In late 2019 and into early 2020, hundreds, if not thousands of fires had broken out across Australia. At the time of this blog, fires are still burning across the nation with areas in New South Wales facing more fires and weather to come. Character Care, in partnership with LifeWorks by Morneau Shepell, visited fire affected areas. In September 2019 we sent two therapists to Stanthorpe Qld and we have now just returned from rural NSW to provide therapeutic support to the local communities in affected areas. We were equipped with an RV to provide a space for people to chat about anything they felt might be helpful in the next stage of their recovery. We were mobile and self-sustaining, so we did not create any extra load on the communities. Tarini (counsellor) headed from Brisbane to meet with Matt (counsellor) later in the week. Matt started in Sydney and headed south-west in a loop back to Sydney. The intention of this blog is to share the stories of the journey and provide a different view of what is happening in these areas. This blog is in 3 parts, each one released separately every couple of days…
I quickly learnt Wollongong embraces the name “The Gong” with pride and affection. I had arrived from Sydney late in the evening on Sunday 19th January 2020. I set up the RV and ventured down to the heart of the Gong to see it for myself. Along the way, I met a volunteer from a folk festival that had been happening that weekend. The gentleman was a lovely fellow who had family members lose homes in the devastation. I was curious to “pick his brain” about what I might hear the following day in the Gong. From what I knew, no major fires had hit the area, yet there were effects from the crisis. He went on to tell me how smoke had engulfed the region for weeks creating all kinds of health concerns for the community (especially youths) and people in the community had lost properties in the bush. One story he shared was a family who had lost their house which they had built themselves and were faced with the decision to rebuild or move on. The description of the sight being “all black, just nothing but black” was a harsh reality for me, as I had not considered this image. The following day I had the privilege to meet people in the community of the Gong at the local university. One woman shared her story with me, which she gave permission for me to share further.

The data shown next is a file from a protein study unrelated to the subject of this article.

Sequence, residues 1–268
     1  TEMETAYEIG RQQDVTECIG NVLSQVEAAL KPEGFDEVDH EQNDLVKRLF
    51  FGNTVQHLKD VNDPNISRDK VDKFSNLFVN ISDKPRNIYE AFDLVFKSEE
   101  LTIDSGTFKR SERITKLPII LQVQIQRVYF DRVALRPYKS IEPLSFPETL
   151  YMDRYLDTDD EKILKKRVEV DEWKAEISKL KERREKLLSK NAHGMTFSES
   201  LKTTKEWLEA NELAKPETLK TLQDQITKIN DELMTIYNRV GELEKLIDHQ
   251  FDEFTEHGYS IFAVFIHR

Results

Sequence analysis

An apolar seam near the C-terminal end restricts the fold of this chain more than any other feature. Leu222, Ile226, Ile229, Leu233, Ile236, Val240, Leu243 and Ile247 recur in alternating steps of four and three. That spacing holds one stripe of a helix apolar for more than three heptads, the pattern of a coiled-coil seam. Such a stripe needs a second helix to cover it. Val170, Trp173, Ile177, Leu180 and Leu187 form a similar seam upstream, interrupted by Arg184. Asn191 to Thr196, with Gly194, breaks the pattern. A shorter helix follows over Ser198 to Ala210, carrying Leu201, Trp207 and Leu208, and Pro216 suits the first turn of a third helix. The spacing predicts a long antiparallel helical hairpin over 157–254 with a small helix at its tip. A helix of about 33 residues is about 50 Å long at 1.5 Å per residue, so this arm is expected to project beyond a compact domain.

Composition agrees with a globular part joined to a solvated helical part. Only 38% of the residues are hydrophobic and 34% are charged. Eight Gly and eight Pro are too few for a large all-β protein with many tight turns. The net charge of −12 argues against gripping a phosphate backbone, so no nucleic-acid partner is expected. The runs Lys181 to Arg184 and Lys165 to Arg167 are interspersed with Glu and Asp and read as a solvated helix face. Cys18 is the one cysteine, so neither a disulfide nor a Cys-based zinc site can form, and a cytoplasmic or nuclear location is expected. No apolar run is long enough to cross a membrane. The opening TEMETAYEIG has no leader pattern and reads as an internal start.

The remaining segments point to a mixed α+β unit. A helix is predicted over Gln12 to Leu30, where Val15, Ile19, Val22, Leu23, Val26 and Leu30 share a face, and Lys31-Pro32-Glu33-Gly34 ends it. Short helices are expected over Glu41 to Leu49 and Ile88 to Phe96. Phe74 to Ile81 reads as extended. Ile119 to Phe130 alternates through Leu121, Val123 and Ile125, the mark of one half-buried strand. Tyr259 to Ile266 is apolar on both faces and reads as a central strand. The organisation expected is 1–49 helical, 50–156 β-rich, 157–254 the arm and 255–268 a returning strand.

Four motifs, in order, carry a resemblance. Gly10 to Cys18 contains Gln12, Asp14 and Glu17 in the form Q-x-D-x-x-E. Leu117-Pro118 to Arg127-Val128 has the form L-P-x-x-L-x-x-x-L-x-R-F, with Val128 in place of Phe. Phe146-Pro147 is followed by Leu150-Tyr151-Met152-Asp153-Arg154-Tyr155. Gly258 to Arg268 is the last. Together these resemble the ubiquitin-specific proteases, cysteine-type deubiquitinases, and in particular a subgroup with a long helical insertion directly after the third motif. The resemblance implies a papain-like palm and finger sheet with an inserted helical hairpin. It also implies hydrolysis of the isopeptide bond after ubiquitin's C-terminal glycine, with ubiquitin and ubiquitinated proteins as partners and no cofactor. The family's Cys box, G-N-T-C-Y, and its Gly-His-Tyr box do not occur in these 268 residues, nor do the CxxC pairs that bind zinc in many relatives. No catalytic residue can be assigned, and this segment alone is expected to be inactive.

During the crisis, she had lost two investment properties out in the bush: one of them being her retirement plan. The land had been set up as a conservation property to rescue local wildlife. When it was safe to return, she had to remove many animal corpses and clean up the area: nothing left to salvage except some of the building. She described the situation as “harrowing.” Despite this harsh reality, a beautiful moment came from her face when she described the night’s stay after cleaning. “At night you can usually hear all the wildlife, chatting and singing. I was expecting to hear nothing. To my surprise, I heard a whole lot of birds and creatures out there. I also saw a kangaroo and her joey come out of a termite mound; she had found a way to survive!” As she described this story, she stared out the window and had a glimmer in her eye and a quiet smile. It is a moment I will forever remember and privileged to witness… a comforting moment amongst the harrowing…
The Bush – Balmoral
I left the Gong and headed to a town called Balmoral. The drive was scenic and mountainous where I began to reflect on all the wildlife lost in this tragedy. From all reports, the death toll of animals is in the billions! Once I reached the town itself, I began to feel the “harrowing” and see “the black.” Balmoral had a main road which I was situated for the day. As I drove through, I could see how the fire had no trace of a pattern: one house would be in ashes while the one next door was green and untouched, then two doors down was in ashes. It was almost like a tornado path, no way of telling where it would have gone. Once I was setup for the day, a local came to chat with me about his experience and tell stories of the town itself. Balmoral had experienced 3 fires within the last 15 years. I was located next to the “Village Hall” which the local described “has 9 lives, it has survived each fire!” We had a laugh about it but then discussed what this might mean? The hall at this time was full of donations from local communities: clothes (4 tons!) food, toiletries, water, toys, power tools, and everything in between. Maybe the hall surviving had some symbolism to the people, community, and gathering place for all to come? Not sure… I had the honor of meeting the family orchestrating the donations. They offered me a peach and I kindly refused as my directions were to not take away from the community, but they insisted and threw it at me (ha)! The generosity of the locals and their coming together in this time is inspirational. I heard a story that American fire fighters donated a bunch of face masks for people to use on the smokey days. I asked the family if they had time for themselves through all this? The question was met with a tear and a half-way smile: “we all need to pitch in and do our bit otherwise people will go without.” As this was told to me, their grandchildren were playing, made me think how in spite all this, children’s laughter is one of the purest things we have in this world. I can’t imagine how the children perceived what had occurred during this crisis. The family were off to the beach the next week before school started, which made me feel warm just hearing that they would get some time for themselves, how good!
Part 2 will be out in a couple days where the journey heads to Wingello and Bateman’s Bay, stay tuned!
BIG UPS to the team at LifeWorks by Morneau Shepell for taking care us throughout the week!